Transatlantic Connection

Before coming to Spain, I applied for a scholarship through my host program. The prompt was to reflect on a quote by Alvin Toffler and discuss how I planned to embody its ideas in my study abroad experience.

The quote reads, “The illiterate of the 21st century will not be those who cannot read and write, but those who cannot learn, unlearn, and relearn.”

At first the expression seemed too romanticized to actually apply to my life. I wrote my essay in a philosophical tone without actually making a concrete connection to the words.

Now after being away from Erie, I understand the significant strength of Toffler’s words.

By nature people are ethnocentric. Blindly we are molded by our culture to understand the world through a specific set of lenses.

Four months ago, I would have been at my wits end at a fruit stand where I wasn’t able to physically inspect my produce before purchasing it or at a restaurant where I was required to beckon my server in order to receive his attention.

It wasn’t until my study abroad experiences led me outside of Sevilla that I had realized how much growth this semester has sparked in me.

Learning how to be a tourist and then immediately unlearning those touristic tendencies has been the most rewarding skills I have acquired in Spain.

The ability to take in new situations as if they were the beginning of the rest of my life has enabled me to feel a deeper connection with this astonishing country so full of vivacity and traditions.

I have learned that if I take the time to be inwardly moved by a place then I can be a more effective tourist in the way of documenting and sharing my experience.

Just this past weekend my program sponsored a group trip to visit the Alhambra in Granada. The Alhambra is an Arab palace that was renovated out of previously constructed Roman structures in the city of Granada. The Alhambra was once home to the most influential members of the Arab society as well the most prominent site of commerce and prayer in the city.

The intricate ceilings and shallow basin fountains guide tourists with a calm, ominous tone, as they seem to relive the many stories of Nasrid Sultans, Andalucían refugees and the men of the Abencerraje family that met their deaths after being accused of adultery with the king’s primary Saltana.

Outside, the vivacious gardens emit a honey perfume from the Alyssums that grow in abundance near floral and vegetable gardens alike. Here history is seen through the encouraging impression that the remarkable vistas offer.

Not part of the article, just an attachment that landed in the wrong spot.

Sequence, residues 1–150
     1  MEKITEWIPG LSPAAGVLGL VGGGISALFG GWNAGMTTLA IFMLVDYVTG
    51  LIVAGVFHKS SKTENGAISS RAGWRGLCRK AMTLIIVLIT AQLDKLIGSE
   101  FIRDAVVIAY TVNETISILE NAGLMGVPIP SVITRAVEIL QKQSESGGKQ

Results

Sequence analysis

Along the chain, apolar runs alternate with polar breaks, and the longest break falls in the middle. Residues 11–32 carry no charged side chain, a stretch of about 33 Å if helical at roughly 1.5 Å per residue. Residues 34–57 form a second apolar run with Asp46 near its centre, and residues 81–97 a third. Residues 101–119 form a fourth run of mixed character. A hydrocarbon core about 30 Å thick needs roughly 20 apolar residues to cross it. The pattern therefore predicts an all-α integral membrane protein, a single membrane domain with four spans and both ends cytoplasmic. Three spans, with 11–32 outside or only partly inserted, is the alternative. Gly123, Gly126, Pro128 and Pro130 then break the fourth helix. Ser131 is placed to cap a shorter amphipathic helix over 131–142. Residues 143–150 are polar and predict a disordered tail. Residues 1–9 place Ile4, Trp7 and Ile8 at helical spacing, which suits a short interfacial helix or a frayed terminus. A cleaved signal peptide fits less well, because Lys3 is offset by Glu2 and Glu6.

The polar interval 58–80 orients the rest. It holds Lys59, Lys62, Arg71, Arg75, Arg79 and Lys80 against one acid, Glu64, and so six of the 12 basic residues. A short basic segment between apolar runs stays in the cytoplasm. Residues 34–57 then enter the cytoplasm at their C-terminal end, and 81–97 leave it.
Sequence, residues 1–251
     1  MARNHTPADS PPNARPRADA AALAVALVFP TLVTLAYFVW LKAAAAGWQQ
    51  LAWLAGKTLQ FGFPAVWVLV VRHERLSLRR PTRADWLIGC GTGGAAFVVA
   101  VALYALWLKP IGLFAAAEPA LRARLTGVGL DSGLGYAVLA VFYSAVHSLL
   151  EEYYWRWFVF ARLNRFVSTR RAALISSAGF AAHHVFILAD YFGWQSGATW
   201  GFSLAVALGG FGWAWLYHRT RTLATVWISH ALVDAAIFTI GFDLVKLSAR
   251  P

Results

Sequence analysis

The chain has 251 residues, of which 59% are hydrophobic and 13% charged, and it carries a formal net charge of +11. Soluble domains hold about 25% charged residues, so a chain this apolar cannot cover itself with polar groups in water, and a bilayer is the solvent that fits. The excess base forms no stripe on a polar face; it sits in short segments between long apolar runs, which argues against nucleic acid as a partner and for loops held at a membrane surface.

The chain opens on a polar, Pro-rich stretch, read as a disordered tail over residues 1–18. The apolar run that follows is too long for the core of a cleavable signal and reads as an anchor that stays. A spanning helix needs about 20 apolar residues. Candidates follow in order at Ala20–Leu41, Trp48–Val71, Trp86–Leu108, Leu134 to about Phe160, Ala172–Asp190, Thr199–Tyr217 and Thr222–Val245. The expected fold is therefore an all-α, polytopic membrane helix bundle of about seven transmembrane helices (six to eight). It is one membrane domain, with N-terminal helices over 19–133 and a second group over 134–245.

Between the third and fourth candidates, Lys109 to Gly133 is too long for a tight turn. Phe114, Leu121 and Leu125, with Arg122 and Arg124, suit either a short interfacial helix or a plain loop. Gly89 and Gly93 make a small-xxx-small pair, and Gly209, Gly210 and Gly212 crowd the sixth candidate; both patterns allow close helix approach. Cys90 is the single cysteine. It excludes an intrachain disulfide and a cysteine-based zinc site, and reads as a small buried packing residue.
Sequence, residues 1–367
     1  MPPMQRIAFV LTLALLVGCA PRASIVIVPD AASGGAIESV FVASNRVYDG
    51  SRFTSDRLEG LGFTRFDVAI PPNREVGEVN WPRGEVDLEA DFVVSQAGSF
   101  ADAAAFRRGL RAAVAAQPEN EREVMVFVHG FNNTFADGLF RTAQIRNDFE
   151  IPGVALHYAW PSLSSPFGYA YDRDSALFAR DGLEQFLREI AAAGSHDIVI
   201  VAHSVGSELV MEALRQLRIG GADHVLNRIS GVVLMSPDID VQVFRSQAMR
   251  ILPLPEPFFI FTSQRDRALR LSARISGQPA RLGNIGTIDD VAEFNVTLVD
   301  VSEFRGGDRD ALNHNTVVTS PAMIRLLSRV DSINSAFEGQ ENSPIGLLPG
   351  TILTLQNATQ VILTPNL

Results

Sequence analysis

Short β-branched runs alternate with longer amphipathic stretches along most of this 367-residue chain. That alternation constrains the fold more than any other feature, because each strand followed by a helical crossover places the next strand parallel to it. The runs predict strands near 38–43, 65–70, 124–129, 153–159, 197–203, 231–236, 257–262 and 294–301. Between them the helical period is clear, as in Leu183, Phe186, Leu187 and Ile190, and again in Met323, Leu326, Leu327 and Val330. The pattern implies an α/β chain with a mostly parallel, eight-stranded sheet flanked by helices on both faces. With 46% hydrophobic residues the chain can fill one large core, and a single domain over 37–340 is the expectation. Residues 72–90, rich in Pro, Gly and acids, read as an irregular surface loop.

Standing at the top of the palace the breath traveling from my nose to my lungs seemed to fill with a chemical combination my body had never experienced before containing all of the life, history and philosophy of the Alhambra.

Learning how to travel without the veil of my previously determined judgments has allowed my sense of being to be easily accessible.

In Spain I have been able to experience all of my favorite things again, for the first time. But, after a month of adventure around Sevilla I found my comfort zone.

Fortunately, the mystery of the unknown places I was longing to visit became perfect catalysts for personal discovery.

Riding for hours without seeing a single familiar reference point offered me the greatest perspectives through which I was able to have raw experiences.

A couple of weeks ago I took a trip to a small pueblo outside of the city called Alhama de Granada. As the bus made the three-hour long journey, the flat monotonous desert of olive orchards began to grow over hills that eventually turned into the bravado of the Sierra Nevada.

Our ultimate destination was the bottom of a deep gorge in the pools of natural hot springs that function as places of surreal tranquility and bathing tubs for the local gypsy population.

Here in the bottom of the gorge I felt a connection with the heart of Spain. From what seemed like the center of the earth the cool waters of the flowing stream and the autumn leaves provided a tangible sense of the crisp life that the people of the small pueblos live.

When traveling I am reminded how big the world is and how much there is to explore. How much more I have to learn in my life.

Most importantly I am reminded of how small I am. I found that this is the greatest motivation to maintain appreciation for all the things I may never know.

With these facts examined and remembered my understanding of the Toffler quote has acquired dynamic relevance.

 

JESSICA SCOUTEN

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